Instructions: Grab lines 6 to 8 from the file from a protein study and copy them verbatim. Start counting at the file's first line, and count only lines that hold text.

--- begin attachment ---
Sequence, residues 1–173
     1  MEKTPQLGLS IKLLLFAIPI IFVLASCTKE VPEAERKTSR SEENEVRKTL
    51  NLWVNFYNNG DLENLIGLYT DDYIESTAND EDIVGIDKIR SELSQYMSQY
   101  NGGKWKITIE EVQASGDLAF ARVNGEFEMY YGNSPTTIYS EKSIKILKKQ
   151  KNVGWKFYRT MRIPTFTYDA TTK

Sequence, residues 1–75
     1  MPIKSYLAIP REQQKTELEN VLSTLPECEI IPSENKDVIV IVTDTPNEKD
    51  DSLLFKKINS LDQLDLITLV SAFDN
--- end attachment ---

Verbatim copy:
Sequence, residues 1–75
     1  MPIKSYLAIP REQQKTELEN VLSTLPECEI IPSENKDVIV IVTDTPNEKD
    51  DSLLFKKINS LDQLDLITLV SAFDN